The participants succeeded in this discrimination, which revealed to the researchers that they had performed statistical learning without exerting conscious effort. Those who earned average scores in this test showed a distinctive pattern of brain activity in the third recording session. These electric signatures, known as event-related potentials or ERPs, tended to occur 400 milliseconds after the start of a new tone word. Those who scored the lowest did not exhibit these ERPs in any session, suggesting they were not segmenting the start of each word as effectively.

The highest-scoring volunteers did show these ERPs, but only in their first session. Abla explains that the effect is “largest during the discovery phase of the statistical structure,” and represents the process rather than the result of statistical learning.

1. Abla, D., Katahira, K., & Okanoya, K. On-line assessment of statistical learning by event-related potentials. Journal of Cognitive Neuroscience 20, 952–964 (2008).

The corresponding author for this highlight is based at the RIKEN Laboratory for Biolinguistics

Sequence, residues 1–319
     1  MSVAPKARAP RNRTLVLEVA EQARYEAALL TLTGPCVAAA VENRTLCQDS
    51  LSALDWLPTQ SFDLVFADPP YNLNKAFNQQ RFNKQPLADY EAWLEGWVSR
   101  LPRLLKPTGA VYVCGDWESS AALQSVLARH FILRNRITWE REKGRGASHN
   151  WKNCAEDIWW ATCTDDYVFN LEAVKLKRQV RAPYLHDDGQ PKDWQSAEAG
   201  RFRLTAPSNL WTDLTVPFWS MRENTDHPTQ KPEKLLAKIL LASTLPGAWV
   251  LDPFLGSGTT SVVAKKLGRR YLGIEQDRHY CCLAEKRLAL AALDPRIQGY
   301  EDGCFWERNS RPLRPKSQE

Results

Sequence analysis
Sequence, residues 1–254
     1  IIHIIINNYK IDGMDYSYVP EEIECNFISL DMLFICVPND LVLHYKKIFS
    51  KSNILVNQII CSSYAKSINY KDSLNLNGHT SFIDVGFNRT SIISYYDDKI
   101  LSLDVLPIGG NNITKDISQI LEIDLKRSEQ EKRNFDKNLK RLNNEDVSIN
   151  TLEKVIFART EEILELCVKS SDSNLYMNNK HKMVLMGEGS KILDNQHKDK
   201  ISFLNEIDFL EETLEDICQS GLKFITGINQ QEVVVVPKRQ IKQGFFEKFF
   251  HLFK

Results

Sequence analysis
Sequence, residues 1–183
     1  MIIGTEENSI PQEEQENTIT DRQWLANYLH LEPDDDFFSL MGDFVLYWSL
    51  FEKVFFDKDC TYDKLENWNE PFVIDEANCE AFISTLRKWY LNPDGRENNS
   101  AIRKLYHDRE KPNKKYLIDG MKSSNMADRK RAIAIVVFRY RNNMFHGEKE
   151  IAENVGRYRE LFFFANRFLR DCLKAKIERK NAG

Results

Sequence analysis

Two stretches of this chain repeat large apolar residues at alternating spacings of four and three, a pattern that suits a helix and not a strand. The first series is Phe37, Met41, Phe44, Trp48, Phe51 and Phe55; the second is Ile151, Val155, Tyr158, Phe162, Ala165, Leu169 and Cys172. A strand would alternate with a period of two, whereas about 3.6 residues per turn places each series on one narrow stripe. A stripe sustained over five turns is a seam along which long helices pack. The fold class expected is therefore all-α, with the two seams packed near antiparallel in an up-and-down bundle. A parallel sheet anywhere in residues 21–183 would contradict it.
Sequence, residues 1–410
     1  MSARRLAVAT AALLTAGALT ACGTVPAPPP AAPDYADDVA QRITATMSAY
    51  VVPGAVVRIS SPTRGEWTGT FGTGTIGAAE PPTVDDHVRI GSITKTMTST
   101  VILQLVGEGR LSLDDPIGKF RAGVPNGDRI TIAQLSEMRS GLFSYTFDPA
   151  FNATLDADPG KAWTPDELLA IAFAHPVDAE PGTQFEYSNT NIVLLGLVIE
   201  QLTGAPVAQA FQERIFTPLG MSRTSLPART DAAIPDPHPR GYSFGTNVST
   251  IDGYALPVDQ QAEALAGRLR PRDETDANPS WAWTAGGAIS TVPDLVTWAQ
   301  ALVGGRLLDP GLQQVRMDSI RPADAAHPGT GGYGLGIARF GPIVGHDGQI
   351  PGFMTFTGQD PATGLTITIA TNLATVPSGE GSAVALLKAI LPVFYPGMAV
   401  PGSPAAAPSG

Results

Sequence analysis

Saeko Okada | ResearchSEA
Further information:
http://www.rikenresearch.riken.jp/research/582/
http://www.researchsea.com

More articles from Health and Medicine:

nachricht Tracking movement of immune cells identifies key first steps in inflammatory arthritis
23.01.2017 | Massachusetts General Hospital

nachricht Team discovers how bacteria exploit a chink in the body's armor
20.01.2017 | University of Illinois at Urbana-Champaign

All articles from Health and Medicine >>>

The most recent press releases about innovation >>>

Die letzten 5 Focus-News des innovations-reports im Überblick:

Im Focus: Quantum optical sensor for the first time tested in space – with a laser system from Berlin

For the first time ever, a cloud of ultra-cold atoms has been successfully created in space on board of a sounding rocket. The MAIUS mission demonstrates that quantum optical sensors can be operated even in harsh environments like space – a prerequi-site for finding answers to the most challenging questions of fundamental physics and an important innovation driver for everyday applications.